Feminism asserts in many instances, such as within Kristina Lunz’s groundbreaking book The Future Of Foreign Policy Is Feminist, that war and conflict are inherently anti-feminist. That conflict at this level is a result of patriarchy, and as a result hurts women the most.

Indeed, the latest figures from the Palestinian Health Ministry show that around 70% of those killed or harmed in the ongoing Gaza conflict are women and children under 18.

One article covering the emotional response to the Gaza conflict, for example, makes particular reference to a singular photograph of a woman crying, and clutching her baby. Rather than making use of photos of destroyed buildings or rubble, in this instance, this emotional picture is used to resonate with the viewer on a human-interest scale. We might feel more moved by this than we would a burning building. Mothers, especially, might feel particularly distressed.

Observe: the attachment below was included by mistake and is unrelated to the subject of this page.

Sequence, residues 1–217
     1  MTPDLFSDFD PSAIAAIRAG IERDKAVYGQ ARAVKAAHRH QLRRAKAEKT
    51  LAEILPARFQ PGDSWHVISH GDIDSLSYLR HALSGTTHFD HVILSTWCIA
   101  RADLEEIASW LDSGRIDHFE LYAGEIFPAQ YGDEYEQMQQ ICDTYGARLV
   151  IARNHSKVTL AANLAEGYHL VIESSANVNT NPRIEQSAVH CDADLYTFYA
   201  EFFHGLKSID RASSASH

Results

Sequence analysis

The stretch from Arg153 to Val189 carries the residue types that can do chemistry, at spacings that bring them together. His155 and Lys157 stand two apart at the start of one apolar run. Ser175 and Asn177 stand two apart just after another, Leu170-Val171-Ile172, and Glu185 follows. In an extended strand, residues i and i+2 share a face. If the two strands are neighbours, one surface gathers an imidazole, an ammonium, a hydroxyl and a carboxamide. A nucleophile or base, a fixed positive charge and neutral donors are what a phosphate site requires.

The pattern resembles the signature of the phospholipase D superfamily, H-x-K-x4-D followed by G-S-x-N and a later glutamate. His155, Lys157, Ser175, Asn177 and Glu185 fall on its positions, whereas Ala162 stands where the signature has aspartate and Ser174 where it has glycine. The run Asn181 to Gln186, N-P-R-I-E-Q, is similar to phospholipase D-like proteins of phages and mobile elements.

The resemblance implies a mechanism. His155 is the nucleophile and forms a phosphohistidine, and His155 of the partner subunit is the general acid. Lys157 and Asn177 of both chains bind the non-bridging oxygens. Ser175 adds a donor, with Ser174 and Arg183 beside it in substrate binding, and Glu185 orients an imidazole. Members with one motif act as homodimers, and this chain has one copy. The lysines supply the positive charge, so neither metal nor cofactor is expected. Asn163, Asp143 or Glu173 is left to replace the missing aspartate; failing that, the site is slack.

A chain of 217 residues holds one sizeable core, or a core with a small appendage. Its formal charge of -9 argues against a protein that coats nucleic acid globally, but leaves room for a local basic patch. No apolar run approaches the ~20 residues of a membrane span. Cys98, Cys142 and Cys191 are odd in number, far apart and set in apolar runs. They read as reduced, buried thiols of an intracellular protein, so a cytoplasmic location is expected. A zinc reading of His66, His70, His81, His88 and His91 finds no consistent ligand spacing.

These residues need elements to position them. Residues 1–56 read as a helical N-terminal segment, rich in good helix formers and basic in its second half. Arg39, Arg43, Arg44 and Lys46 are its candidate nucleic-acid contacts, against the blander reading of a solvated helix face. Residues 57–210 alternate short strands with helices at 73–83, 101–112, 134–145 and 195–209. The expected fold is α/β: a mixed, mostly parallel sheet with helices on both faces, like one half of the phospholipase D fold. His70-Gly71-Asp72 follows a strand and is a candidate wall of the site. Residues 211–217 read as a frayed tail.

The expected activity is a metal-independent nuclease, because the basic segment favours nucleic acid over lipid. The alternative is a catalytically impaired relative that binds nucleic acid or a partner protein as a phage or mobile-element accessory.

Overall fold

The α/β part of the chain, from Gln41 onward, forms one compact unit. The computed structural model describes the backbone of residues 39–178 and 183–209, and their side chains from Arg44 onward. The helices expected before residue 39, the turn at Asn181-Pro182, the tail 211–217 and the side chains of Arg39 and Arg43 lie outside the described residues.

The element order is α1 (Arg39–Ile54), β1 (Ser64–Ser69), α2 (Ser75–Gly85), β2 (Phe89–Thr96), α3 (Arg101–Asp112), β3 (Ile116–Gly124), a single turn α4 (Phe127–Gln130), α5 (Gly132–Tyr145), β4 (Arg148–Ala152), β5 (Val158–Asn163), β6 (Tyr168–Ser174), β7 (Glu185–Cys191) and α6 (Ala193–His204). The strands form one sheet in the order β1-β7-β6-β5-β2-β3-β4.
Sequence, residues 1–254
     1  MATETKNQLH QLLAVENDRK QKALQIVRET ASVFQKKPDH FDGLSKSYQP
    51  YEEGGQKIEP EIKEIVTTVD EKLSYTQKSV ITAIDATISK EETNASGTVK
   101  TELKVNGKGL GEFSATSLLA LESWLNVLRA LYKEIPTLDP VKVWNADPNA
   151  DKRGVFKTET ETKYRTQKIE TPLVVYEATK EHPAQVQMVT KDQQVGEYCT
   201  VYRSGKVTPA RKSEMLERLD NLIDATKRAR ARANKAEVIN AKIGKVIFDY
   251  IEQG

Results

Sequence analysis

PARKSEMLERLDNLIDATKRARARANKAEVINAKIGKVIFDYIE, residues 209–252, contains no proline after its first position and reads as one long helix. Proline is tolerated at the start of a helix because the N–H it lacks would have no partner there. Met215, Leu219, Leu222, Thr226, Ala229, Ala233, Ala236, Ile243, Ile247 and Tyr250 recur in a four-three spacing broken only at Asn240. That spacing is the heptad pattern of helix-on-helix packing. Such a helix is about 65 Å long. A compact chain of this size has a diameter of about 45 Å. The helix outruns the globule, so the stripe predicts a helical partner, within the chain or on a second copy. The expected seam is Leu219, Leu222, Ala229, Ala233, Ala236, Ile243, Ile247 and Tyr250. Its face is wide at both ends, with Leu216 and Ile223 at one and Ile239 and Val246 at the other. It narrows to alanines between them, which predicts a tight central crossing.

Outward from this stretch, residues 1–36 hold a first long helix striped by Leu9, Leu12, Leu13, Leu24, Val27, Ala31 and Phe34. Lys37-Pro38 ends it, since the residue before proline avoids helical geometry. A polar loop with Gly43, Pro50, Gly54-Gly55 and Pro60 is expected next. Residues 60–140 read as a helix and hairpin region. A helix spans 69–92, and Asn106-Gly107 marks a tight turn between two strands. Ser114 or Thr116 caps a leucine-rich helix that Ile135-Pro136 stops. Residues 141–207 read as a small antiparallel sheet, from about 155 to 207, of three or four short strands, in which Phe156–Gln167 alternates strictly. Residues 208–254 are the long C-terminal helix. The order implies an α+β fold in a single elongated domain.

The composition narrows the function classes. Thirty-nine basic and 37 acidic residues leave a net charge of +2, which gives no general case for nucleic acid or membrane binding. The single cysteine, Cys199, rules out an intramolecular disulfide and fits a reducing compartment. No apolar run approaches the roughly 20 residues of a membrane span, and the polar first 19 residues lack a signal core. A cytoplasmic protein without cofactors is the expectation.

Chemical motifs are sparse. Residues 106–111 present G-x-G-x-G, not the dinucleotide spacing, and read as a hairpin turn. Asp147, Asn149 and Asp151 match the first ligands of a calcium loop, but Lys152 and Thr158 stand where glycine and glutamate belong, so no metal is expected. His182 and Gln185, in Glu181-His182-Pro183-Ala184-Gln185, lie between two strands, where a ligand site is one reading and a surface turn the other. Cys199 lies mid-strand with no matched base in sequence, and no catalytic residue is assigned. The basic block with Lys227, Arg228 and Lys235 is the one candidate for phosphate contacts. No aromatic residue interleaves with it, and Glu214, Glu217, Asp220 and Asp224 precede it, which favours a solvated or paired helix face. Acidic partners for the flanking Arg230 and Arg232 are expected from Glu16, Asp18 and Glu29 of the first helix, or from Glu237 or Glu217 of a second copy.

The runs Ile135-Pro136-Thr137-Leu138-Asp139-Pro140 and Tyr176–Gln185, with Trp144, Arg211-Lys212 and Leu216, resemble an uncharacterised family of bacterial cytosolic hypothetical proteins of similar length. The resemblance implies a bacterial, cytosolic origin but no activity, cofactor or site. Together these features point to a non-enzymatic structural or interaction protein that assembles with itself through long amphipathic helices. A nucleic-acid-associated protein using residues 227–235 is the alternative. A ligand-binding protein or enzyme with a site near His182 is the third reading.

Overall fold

Not only this, but women face an everyday exhaustion gap anyway. This relates to the way in which women are taught to put on a brave face, work hard, and act like nothing is wrong all the time. This is wearing.

What to do about it?

So you have cared about international events, and you have cared about the state of humanity. But it feels too much. So, what is the problem?

Caring and empathising, without boundaries, is a form of emotional labour. This kind of emotional labour can tap into a tried and recognised pattern that women are all too familiar with. So what can you do?

#1: Put a cap on the scrolling